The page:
The Reactor unit of a power plant is usually operated for extended time periods at full power. Once a year, a shutdown of the reactor unit is scheduled for refueling, inspections and maintenance.
The energy contained in nuclear fuel is spent gradually. That is why a reactor has to be shut down, approximately every 300 days of operation. The shutdown comprises the insertion of emergency and regulation assemblies into the active zone, the increase of the concentration of boric acid in the water of the primary circuit, the relieving of pressure and the cooling down of the primary circuit and the removal of the reactor lid, including the regulation rod drives. The reactor contains nuclear fuel spent to a varying degree. During the replacement, assemblies with the least content of fission material, the ones which had been in the reactor for the longest time, are replaced with assemblies with fresh, enriched fuel. This operation is performed by means of a special apparatus — the refueling machine. Spent fuel assemblies are relocated into a storage pool just beside the reactor. In the spent fuel pool the activity and heat production of the assemblies decreases significantly. The storage period inside the nuclear power plant with a pressure water reactor varies between 3 and 10 years and depends on the storage pool design as well as on the dispositions for further management. Fuel is then transported in special containers to Interim Spent Fuel Storage facilities, where it is stored for 50 years.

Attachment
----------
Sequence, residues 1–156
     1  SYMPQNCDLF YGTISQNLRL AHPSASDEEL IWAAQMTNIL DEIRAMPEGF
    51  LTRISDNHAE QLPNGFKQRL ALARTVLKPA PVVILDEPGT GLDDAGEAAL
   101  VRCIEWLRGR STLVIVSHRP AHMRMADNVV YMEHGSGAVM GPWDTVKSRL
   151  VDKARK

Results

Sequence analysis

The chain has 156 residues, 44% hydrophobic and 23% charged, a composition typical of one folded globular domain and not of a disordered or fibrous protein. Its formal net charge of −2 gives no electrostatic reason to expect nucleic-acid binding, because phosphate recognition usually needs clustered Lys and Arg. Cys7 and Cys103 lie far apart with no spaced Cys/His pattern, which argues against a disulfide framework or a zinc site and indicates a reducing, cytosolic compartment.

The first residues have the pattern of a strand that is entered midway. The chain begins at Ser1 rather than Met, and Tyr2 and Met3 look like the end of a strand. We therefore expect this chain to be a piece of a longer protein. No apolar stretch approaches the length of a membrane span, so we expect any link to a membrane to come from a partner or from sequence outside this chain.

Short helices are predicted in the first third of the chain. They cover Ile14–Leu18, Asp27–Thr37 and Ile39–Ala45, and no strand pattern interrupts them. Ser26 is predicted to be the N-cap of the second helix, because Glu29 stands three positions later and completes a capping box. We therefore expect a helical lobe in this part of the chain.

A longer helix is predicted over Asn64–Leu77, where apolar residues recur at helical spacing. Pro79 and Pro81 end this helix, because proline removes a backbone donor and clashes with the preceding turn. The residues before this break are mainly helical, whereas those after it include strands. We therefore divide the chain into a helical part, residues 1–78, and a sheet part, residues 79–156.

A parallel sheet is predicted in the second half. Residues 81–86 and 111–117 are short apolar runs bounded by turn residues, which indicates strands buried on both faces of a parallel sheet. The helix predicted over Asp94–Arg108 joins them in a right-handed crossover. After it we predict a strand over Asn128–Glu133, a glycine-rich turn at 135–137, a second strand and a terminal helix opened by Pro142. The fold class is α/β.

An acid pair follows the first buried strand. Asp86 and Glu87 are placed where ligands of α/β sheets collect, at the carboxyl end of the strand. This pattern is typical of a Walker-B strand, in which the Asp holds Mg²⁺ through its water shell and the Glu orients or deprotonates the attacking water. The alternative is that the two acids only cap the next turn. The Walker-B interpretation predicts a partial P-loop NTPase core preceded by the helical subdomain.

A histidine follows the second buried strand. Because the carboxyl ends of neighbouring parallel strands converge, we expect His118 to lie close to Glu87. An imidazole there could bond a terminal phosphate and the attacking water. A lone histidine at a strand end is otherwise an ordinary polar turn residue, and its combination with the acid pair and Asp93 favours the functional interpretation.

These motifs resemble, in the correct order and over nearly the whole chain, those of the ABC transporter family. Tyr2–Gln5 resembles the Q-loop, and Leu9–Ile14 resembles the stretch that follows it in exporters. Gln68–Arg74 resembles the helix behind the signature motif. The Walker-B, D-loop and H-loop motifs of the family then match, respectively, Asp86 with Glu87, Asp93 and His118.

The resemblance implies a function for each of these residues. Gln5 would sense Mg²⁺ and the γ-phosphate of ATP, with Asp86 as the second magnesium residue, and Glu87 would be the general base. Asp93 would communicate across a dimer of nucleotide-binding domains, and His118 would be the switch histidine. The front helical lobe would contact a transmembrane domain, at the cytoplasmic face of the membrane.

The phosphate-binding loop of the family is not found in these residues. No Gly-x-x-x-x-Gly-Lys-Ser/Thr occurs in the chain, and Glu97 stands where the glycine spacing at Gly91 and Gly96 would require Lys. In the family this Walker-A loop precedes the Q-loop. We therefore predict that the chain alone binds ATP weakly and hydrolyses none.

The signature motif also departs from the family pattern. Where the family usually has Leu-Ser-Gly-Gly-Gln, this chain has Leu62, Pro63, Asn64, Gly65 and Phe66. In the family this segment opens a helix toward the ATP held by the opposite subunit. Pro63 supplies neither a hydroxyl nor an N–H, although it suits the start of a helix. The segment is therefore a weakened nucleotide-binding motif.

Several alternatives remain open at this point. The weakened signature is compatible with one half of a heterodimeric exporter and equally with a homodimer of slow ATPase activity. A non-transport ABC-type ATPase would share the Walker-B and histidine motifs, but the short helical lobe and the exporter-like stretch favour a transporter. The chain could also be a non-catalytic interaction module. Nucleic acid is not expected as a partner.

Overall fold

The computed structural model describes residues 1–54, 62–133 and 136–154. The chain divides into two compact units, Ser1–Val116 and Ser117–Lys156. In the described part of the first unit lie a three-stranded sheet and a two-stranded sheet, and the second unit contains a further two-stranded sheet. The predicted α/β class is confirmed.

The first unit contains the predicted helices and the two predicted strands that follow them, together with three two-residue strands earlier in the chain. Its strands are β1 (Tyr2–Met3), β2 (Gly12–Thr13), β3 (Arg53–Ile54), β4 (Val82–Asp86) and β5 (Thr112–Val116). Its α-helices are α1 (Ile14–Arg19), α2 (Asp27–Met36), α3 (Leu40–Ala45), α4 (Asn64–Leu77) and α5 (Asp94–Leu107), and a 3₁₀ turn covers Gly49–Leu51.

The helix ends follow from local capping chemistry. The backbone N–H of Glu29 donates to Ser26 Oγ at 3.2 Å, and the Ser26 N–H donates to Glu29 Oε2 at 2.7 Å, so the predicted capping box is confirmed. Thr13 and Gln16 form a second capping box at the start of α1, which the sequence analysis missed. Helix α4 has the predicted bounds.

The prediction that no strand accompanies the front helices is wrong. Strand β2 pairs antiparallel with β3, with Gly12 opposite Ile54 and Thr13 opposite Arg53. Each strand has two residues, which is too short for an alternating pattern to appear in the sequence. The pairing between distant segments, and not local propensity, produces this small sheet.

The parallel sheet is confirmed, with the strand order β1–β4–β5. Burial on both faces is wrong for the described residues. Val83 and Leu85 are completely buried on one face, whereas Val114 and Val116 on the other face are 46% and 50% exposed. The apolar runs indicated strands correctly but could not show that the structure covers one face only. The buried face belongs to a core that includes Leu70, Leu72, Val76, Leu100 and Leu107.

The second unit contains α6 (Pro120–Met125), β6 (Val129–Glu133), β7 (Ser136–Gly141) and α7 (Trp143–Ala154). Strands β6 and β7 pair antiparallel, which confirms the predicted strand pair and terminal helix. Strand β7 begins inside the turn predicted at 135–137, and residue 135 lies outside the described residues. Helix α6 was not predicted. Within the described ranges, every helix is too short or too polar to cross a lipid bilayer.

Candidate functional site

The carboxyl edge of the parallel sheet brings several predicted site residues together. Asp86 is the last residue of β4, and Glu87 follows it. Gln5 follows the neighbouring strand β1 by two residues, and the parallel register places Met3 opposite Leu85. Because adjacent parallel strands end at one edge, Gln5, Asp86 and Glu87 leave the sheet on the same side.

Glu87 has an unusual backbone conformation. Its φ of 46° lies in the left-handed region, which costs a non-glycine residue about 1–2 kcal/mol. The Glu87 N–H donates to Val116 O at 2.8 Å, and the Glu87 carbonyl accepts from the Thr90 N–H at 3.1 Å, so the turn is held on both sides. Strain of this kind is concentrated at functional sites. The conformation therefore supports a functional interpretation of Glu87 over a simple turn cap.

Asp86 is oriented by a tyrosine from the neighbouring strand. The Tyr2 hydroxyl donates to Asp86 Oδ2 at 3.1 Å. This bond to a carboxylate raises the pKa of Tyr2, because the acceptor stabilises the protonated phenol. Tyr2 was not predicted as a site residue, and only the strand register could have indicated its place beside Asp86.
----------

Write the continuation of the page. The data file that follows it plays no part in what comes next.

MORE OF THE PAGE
The operation of a reactor unit is automatic. Correct operation of the automatic systems is constantly supervised by highly qualified operational personnel at the unit control room, which is the control center of every reactor unit.